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Elizabeth Wright Papers, 1910-1968 Edit

Summary

Identifier
RG77
Finding Aid Author
Sarah N. Johnson
Finding Aid Date
2017
Description Rules
Describing Archives: A Content Standard
Language of Description
English

Dates

  • 1910-1968 (incl) (Creation)
  • 1910-1912 (bulk) (Creation)

Extents

  • 0.625 Linear Feet (Whole)
    1 Hollinger Box, 1 Half Hollinger Box

Agent Links

Subjects

Notes

  • Abstract

    This collection contains correspondence, paperwork, and articles documenting Elizabeth Caramossi Wright’s role in the founding of Connecticut College and her time as the college’s first Bursar.

  • Language of Materials

    English

  • Administrative History

    Elizabeth Caramossi Wright was born in Harford, Connecticut on November 14, 1876. She attended Hartford Public High School from 1890-1894, and went on to attend college at Wesleyan University. After graduating from Wesleyan in 1897, Wright became the Assistant Principal at Portland High School in Connecticut from 1898-1899, and then taught at Hartford Public High School from 1899-1913. In 1909, Wesleyan closed its doors to women, leaving Connecticut women with no option for a liberal arts education. In response, Wright and the Hartford College Club, a society for college-educated women, started a campaign for the creation of a women’s college in Connecticut. In 1910, she joined efforts with Colin Buell, principal of the Williams Memorial Institute in New London, Connecticut. Together they worked to secure funding for the school, with Wright serving as the Chairperson of the founding committee on Connecticut College.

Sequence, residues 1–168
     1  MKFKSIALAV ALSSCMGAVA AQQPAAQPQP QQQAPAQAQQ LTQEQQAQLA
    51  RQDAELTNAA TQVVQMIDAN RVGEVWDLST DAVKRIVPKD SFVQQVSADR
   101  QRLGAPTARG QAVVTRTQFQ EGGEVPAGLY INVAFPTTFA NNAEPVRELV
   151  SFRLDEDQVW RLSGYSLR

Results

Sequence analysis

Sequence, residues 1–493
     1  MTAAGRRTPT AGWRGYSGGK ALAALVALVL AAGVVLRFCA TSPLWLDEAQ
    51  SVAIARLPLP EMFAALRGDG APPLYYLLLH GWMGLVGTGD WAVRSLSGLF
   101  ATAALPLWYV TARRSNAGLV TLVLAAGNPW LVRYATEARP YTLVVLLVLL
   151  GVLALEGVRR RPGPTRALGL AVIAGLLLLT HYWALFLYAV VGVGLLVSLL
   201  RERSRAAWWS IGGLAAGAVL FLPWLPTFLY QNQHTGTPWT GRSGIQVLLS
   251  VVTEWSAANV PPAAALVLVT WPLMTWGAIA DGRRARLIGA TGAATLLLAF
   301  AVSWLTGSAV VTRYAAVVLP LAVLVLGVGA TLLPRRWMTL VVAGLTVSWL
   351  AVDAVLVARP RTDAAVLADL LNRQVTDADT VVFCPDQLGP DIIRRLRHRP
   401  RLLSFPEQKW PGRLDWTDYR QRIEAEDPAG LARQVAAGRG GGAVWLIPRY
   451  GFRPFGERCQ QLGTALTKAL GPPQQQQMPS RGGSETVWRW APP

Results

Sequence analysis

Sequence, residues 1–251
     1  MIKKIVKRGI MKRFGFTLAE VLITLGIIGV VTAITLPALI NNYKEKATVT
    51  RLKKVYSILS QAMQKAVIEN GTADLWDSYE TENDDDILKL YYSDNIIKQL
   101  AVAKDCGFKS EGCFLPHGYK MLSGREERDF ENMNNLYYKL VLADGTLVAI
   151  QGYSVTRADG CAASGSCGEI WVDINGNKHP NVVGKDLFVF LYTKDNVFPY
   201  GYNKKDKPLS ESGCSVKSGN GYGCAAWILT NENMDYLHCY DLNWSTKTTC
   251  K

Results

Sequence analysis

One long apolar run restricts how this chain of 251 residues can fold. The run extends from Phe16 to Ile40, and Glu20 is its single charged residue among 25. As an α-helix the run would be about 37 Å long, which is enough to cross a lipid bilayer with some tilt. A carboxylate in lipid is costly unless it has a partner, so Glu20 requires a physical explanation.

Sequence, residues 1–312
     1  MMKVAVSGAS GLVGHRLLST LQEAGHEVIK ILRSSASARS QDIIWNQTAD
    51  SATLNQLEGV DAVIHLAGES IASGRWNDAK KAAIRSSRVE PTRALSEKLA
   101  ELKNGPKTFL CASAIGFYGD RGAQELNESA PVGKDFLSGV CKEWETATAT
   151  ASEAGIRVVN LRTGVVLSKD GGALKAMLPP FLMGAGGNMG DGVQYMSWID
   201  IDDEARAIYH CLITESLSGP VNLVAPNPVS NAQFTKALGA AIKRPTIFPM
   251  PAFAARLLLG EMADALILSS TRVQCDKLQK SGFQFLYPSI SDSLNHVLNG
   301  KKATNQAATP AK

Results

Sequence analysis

On October 9, 1915, the Connecticut College for Women officially opened. Wright held a number of administrative positions in the early days of the college, serving as Secretary and Registrar until 1918. In 1915, Wright became the College’s first bursar, and served with her sister Mary Wright as the Assistant Bursar until 1943. Wright also held the position on Assistant Treasurer from 1928-1943. Upon her retirement Wright was conferred the title of Bursar Emeritus. Elizabeth Wright died on February 15, 1963.

    References:

    October 1943 Biographical packet, Folder 4, Box 2, Elizabeth Wright Papers. Linda Lear Center for Special Collections and Archives, Connecticut College.

    Mathers, Paul P. "Eighth Sister No More" The Origins and Evolution of Connecticut College. New York, NY: Peter Lang, 2011.

    Noyes, Gertrude E. A History of Connecticut College. New London, CT: Connecticut College, 1982.

  • Scope and Contents

    This collection contains materials documenting Elizabeth Caramossi Wright’s contribution to the founding of Connecticut College and her time as the college’s first Bursar. This includes correspondence with James Love, Colin Buell, Katharine Blunt, and other faculty, staff, and benefactors of Connecticut College for Women; paperwork detailing her roles at the college; and articles about her life.

  • Preferred Citation

    [Item], Folder, Box, Elizabeth Wright Papers. Linda Lear Center for Special Collections and Archives, Connecticut College.

  • Processed By

    Sarah N. Johnson, 2017.

  • Acquisitions Information

    Presumed donation by Elizabeth Wright; possibly collected by Gertrude E. Noyes in preparation for her book, A History of Connecticut College. A note in the Personal and College Correspondence folder states, "Miss Wright and others have been given honorary degrees, but Mrs. Williams thinks more recognition should be accorded. It was suggested that this historic material be collected and handed to the Public Relations Department to be used in some appropriate way" - Note from Trustees Meeting, May 1949 (There is no list of what was collected).

  • Restrictions

    This collection is open to researchers

  • Arrangement

    Organized chronologically in three series:

    Series 1: Correspondence regarding the Planning and Founding of Connecticut College for Women 1910 – 1918 (with gaps)

    Series 2: Bursar Correspondence 1930 – 1944 (with gaps)

    Series 3: Biographical Materials 1911 – 1968 (with gaps)

Components